George Eliot

The 50 plus group is fast becoming a group to be reckoned with both socially, economically and socially. As a group it’s numbers are increasing rapidly. It’s group members are healthier, more active and involved in society than previous generations, and have a disposable income estimated at £155 billion pounds a year. Far from sitting down taking life easy, women (and men) in this group are likely to be on the move. Many are off to seek adventures abroad, others are going back to university to improve their education, whilst others are contemplating setting up a new business venture.


Carity work
There could be something far more interesting and rewarding. Even though I exist on my pension I manage toand live within my means and my voluntary work gives me a sense of pride that I am putting something back into society.

You have a responsibility to yourself and your family to look after yourself. Who wants to be a burden to others?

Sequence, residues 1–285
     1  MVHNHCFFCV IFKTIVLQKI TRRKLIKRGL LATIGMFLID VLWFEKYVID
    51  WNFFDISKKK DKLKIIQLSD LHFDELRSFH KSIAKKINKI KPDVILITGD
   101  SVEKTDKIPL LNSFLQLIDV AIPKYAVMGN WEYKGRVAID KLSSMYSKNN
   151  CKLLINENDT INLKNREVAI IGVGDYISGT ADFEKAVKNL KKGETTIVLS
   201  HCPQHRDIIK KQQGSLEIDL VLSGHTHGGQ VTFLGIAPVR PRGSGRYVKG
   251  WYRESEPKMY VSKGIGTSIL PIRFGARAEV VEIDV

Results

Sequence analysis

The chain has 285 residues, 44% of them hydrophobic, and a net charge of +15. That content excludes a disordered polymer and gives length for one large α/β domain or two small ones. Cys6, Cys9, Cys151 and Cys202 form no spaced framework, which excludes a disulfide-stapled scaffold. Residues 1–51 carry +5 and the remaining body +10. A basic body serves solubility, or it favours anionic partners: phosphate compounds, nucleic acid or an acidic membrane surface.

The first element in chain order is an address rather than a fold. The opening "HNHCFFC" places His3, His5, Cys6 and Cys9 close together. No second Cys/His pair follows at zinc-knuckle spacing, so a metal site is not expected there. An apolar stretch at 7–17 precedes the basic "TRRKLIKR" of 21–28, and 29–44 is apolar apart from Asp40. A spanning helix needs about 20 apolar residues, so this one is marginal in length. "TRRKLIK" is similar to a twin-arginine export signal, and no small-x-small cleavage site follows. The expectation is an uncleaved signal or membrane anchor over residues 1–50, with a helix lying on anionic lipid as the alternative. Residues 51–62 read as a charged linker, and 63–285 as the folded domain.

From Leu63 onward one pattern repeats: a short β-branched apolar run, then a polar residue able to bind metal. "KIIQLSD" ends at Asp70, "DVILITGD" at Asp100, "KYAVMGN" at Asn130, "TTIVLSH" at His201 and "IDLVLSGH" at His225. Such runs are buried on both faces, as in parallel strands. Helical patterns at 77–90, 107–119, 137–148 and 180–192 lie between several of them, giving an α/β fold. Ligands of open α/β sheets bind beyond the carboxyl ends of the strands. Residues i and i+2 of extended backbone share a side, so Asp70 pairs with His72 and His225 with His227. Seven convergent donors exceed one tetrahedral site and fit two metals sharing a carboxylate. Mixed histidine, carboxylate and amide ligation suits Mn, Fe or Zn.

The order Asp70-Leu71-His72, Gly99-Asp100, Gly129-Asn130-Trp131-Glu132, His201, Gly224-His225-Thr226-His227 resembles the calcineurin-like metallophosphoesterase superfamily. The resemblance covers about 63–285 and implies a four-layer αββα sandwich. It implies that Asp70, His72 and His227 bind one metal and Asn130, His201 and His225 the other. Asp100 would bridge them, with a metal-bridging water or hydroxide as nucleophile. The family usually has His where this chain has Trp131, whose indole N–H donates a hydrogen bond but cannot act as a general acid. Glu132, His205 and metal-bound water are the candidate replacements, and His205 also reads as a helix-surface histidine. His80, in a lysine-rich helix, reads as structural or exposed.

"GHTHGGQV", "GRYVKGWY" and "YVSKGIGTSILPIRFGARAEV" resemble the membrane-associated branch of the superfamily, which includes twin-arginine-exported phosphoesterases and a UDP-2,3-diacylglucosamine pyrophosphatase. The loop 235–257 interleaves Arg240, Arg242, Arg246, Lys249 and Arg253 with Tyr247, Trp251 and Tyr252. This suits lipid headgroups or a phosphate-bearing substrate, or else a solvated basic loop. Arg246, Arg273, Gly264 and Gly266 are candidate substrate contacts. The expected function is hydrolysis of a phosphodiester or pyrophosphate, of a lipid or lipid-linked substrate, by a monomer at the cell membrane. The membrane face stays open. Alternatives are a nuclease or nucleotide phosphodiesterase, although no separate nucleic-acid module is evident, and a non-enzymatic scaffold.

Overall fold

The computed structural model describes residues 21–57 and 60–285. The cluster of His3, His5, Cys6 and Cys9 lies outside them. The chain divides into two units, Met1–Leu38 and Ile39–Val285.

Families can try to be supportive but early on I decided to take a conscientious effort to look after myself as best I can
Whats wrong with spoiling yourself a little? Why not have an aromotherapy, massage etc
Redundancy is devastating I felt numbness and incredulity and an initial sense of isloation – it affected my self esteem

I hadn’t expected it, I was so shocked. I felt disappointed and cheated.
Going from two wages to one is very hard for any family. Redundancy can put a strain on any family but if you have been together a long time it may be easier to understand each other and work the problems out. Not being a person who can sit still, the idea of sitting around the house for hours on end is horific. Having worked conscientiously for 30 years or more the thought of signing on for unemployment benefit horrified me
One of our biggest worries is whether or not we will have enough money to survive. The only person who can rebuild your ego is you. There is still a huge bias against older people when it comes to employment.

It seems grossly unfair that the Government spends billions of pounds helping young people find employment and only a fraction to assit older people who really do need help to find another job. These people are desperate to work, they have family and commitments and yet employers shun them. Younger bosses should be discouraged from shunning older job seekers. They need to realize they are turning away experience and knowledge, both valuable assets. Maybe it’s time for the Government to bring in legislation to outlaw age disrimination by employers.